5. 5. Marbury v Madison • Overview of Case Before John Adams left office he appointed 58 people from his political party to be in congress. It was Secretary of state, John Marshall’s, job to deliver all the letters to the people John Adams wanted in congress. Marshall mailed most of the letters except for 17 of them. He told the new secretary of state, James Madison, to mail the rest of the letters. New president, Thomas Jefferson, told him to not to mail them. William Marbury who was one of the men who didn’t receive the letter appointing him to a congress position sued James Madison. The judge in this case would end up being John Marshall. • Plaintiff Arguments Marbury said that the position belonged to him and that the court had the authority to appoint him through a writ of mandamus which is a court order that make a man do or not do a specific action.
  6. 6. Marbury v Madison • Defense’s Arguments James Madison did not not give the court a cause for why he did not give all the commissions to the 17 men. Therefore the court could not issue a writ of mandamus. James Madison and mainly Thomas Jefferson basically out smarted the legal system.
  7. 7. Marbury v Madison • Decision Everyone in the court voted that Madison did not have to deliver the commission to Marbury. The court came to this decision because if they did tell Madison to deliver the commission to William Marbury and he refused, then their was nothing in the court’s power to tell him other wise. This would then make the court look weak so they decided to vote in favor of Madison. The Judiciary Act of 1789 and the constitution were going against each other so John Marshall said that the constiution was the supreme law of the land and that’s what influenced his decision.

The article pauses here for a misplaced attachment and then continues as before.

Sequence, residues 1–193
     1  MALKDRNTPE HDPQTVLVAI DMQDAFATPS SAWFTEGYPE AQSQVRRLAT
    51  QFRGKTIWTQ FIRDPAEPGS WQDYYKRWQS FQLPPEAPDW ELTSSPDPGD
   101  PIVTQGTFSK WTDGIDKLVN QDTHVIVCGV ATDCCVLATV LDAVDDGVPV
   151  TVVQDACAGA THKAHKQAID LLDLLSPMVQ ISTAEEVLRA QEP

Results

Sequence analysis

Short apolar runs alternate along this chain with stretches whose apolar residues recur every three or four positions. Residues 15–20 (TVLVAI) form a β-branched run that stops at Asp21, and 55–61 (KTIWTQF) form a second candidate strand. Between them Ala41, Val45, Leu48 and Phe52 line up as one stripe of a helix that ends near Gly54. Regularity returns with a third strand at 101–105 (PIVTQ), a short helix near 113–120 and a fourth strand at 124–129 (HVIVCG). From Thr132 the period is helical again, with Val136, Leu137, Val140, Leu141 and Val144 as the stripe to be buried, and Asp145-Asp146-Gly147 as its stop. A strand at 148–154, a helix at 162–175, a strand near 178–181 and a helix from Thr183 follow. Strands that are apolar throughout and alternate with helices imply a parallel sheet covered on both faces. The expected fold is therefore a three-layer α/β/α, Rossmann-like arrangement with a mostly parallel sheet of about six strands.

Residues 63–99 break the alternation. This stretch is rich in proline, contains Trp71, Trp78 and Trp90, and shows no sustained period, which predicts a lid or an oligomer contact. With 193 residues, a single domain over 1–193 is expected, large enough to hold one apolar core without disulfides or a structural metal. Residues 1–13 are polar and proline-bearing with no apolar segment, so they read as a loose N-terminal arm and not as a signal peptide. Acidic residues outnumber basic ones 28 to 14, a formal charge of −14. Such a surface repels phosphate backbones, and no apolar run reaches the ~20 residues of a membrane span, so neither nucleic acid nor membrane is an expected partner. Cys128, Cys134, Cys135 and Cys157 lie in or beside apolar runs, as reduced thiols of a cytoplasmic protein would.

8. 8. Roe v Wade • Overview of Case Roe was pregnant and wanted to have an abortion but, in Texas it was a felony to get an abortion. It was only legal if the pregnancy was a danger to the mother’s life. So Roe tried to sue the district attorney of Dallas county, Wade. • Plaintiff Arguments Roe argued that Texas abortion law conflicted with the right to privacy in the 1st, 4th, 5th, 9th and 14th amendments.
  9. 9. Roe v Wade • Defense’s Arguments Texas argued that the life of a child was more important the the privacy of the mother. They also argued that cases before where the right of privacy was voted for were not absolute.
  10. 10. Roe v Wade • Decision The supreme court voted in favor of Wade, 7-2. They said that if a woman wanted to have an abortion then they are protected by their right of privacy. They said the 14th amendment protected the right of privacy.
  11. 11. Conclusion • Mapp v Ohio The police did not present Mapp with clear search warrant, making all the evidence they found illegally obtained and unusable. They also disobeyed the fourth amendment against unreasonable search and seizures. • Marbury v Madison The Judiciary Act of 1789 and the constitution were in conflict with each other so the court ruled in favor of the constitution, the supreme law of the land. • Roe v Wade The 14th amendment states that “no person was allowed to be deprived of life, liberty,or property without "due process of law.” So Roe was later allowed to have an abortion because if she was not allowed then her right to privacy would have been violated, which would violate the 14th amendment.